Second Reading: Colossians 1:15-20

Wherever God Acts, God Is

Popular Translation

15 Jesus is the true image of the God we can not see. And, he is the firstborn among God’s creatures. Why is this so? 16 First, with Jesus, God created everything in heaven and on earth, everything we can see and can’t see–even spirits like angels and demons! 17 Jesus was present before anything was created. And he holds everything together right now. 18 Jesus is also head of his Body. He rules the Church because he was the first to rise from the dead. So, Jesus is first! He has all power and has the highest position over everything God has made.

19 Second, all of God is in Jesus! 20 Through Jesus, God is making all things his friends. Everything in heaven and on earth is now at peace with God because Jesus died on the cross.

Literal Translation

15 ...(HE) WHO is the icon of God the unseen, firstborn of all creation, 16 because in HIM, everything in the heavens and on the earth was created, the seen and the unseen--whether thrones or dominions or ruling (ones) or authorities--in HIM and through HIM everything was created, 17 and (WHO) HIMSELF is before everything and everything has taken its stand in HIM, 18 and (WHO) HIMSELF is the head of the body, the Church, WHO is (its) ruler, firstborn of the dead, so that (HE) HIMSELF might become the (ONE) being first (in principle and in power) in all things, 19 because in HIM, all fullness (of God) was pleased to reside, 20 and through HIM to (throughly) reconcile everything in HIMSELF, having made peace through the blood of HIS cross, [through HIM] whether the (things) on earth or the (things) in the heavens.

1:15 This verse is a continuation of a sentence that began in 1:11c and runs through 1:20. The sentence itself has no main clause. It is a string of clauses that depend on God for the subject in 1:12a and Jesus Christ in 1:13b. Notice the shift from God to his Son in the following translation:

11c With joy, 12 giving thanks to the Father, the (One) having made us (good) enough (to take) part in the lot of the saints in the light, 13 who rescued us from the authority of the dark (one) and transferred us into the Kingdom of his beloved SON, 14 in WHOM we have the redemption, the forgiveness of sins, 15 WHO is the icon of God the unseen, firstborn of all creation...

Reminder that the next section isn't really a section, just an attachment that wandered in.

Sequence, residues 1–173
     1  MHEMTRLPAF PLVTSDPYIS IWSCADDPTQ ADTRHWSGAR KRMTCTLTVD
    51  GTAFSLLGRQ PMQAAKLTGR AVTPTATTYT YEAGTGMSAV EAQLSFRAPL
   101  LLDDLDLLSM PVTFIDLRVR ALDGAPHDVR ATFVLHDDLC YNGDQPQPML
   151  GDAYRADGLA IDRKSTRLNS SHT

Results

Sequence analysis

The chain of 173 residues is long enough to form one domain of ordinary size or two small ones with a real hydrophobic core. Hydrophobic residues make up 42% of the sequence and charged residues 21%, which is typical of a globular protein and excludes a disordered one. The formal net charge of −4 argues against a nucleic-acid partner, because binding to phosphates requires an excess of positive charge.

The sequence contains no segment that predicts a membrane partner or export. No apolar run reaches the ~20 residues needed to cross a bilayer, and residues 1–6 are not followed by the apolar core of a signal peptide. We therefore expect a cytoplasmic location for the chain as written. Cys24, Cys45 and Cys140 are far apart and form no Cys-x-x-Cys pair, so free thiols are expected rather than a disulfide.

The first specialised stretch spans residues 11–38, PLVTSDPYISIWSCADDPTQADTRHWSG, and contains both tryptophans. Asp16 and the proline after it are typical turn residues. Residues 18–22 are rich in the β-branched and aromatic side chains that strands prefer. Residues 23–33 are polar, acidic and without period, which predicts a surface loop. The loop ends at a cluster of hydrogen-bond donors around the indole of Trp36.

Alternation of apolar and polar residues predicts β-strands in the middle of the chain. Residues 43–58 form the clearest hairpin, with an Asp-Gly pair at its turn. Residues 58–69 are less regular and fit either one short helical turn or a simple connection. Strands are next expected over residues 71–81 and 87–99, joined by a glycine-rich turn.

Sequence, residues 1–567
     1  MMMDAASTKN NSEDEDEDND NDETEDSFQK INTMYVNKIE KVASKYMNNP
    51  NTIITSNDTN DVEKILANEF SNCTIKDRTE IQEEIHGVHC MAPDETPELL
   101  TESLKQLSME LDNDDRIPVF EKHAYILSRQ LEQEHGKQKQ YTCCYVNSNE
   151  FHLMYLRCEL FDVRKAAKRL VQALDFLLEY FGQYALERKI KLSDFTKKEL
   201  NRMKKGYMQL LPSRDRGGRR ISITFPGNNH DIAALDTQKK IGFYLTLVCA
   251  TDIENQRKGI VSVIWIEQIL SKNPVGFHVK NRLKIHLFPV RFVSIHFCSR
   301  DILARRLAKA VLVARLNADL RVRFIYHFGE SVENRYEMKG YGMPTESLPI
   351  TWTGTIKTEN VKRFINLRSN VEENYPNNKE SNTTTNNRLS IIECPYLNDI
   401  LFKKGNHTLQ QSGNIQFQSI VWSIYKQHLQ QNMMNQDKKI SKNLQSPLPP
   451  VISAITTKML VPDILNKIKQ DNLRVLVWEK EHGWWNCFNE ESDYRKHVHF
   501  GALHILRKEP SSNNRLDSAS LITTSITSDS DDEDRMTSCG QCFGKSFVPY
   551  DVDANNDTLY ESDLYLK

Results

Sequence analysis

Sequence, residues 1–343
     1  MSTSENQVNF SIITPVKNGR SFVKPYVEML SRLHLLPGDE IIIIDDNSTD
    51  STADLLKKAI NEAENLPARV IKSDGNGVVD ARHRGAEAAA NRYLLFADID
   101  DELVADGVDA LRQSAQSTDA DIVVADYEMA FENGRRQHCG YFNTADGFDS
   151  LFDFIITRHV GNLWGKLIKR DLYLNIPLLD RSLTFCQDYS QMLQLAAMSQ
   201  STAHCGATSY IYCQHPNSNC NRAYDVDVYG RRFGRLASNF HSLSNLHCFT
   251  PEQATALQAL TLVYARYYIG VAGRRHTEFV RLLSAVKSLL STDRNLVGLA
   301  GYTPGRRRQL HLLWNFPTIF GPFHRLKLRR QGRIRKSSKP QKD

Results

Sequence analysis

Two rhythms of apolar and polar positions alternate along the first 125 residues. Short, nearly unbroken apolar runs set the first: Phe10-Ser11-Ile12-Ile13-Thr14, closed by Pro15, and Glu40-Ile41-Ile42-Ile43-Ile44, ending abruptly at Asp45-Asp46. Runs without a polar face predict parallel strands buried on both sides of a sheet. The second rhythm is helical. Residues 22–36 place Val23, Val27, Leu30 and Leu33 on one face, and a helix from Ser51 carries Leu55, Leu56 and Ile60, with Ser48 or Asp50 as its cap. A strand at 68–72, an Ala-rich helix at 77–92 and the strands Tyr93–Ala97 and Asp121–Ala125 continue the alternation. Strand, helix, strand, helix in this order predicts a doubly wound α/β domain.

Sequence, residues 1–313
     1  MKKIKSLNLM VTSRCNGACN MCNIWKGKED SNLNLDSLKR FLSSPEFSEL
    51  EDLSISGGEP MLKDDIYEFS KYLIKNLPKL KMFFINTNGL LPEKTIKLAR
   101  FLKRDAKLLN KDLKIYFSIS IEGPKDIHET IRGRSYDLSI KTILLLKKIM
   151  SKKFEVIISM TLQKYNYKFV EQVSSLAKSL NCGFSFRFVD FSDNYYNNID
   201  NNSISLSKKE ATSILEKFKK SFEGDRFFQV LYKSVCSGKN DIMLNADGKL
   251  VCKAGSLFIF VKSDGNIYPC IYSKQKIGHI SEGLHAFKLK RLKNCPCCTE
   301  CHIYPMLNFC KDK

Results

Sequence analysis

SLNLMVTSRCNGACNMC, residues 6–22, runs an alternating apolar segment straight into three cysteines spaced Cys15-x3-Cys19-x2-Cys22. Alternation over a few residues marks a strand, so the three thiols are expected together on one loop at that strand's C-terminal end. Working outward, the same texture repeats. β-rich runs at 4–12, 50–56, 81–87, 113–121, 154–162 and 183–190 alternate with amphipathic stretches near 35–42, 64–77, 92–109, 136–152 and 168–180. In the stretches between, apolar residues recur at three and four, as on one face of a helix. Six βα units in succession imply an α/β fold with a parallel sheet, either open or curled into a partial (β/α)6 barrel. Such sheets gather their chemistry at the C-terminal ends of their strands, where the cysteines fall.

According to many biblical scholars, these verses were taken from an early Christian hymn and were modified by the author (Paul or one of his disciples) to match his theological outlook. Many date the letter to the Colossians between 65-70 AD. If this time frame was correct, the development of thought about Christ is amazing. The community sang a hymn during worship that gave God-like power and presence to Jesus of Nazareth. For them, the risen Lord stood in a cosmic dimension. He was the image of God for two reasons. First, he was the instrument of God’s creation as well as his salvation. Second, the presence of God actively dwelt in him and completed his will.

To understand this unwieldy passage, think of 1:15 as the thesis of the passage: Christ is the image of God. The two reasons the hymn offered were signified by the phrase “because in HIM” found in 1:16 (Christ as the instrument of creation) and 1:19 (presence of God in Christ). First, let us consider Christ as the instrument of creation. 1:16-1:18 described the order of creation: spiritual powers, spiritual and physical entities, and God’s people. Ancient people assumed this hierarchy of being. For them, the present reality began with the Creator, moved through various benevolent and malevolent spiritual beings (i.e., angels and demons), were found present in the physical universe and the affairs of humanity, and finally touched the animals, plants, and the shadowy realm of the underworld. Each level of the hierarchy controlled that of the ones below it. Christ, according to the hymn, stood just below God in this hierarchy. So, he had over the rest of creation.